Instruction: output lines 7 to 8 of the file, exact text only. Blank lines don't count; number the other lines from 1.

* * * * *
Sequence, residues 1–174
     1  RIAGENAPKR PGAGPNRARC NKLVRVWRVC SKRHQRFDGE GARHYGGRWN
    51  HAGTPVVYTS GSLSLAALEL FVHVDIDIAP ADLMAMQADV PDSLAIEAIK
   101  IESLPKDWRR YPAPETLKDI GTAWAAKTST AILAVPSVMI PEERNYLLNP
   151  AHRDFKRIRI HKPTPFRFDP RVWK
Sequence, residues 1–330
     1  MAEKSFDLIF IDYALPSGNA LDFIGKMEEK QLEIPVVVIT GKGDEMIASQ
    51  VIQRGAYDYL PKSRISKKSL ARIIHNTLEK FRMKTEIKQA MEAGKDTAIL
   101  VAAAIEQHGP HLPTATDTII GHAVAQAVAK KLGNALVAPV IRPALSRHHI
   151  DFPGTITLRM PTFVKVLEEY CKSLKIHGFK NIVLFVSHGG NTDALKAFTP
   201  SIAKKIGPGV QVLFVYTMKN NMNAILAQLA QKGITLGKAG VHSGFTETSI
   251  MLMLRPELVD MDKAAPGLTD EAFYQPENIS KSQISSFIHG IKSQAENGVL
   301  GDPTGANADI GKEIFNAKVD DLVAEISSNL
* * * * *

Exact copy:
     1  MAEKSFDLIF IDYALPSGNA LDFIGKMEEK QLEIPVVVIT GKGDEMIASQ
    51  VIQRGAYDYL PKSRISKKSL ARIIHNTLEK FRMKTEIKQA MEAGKDTAIL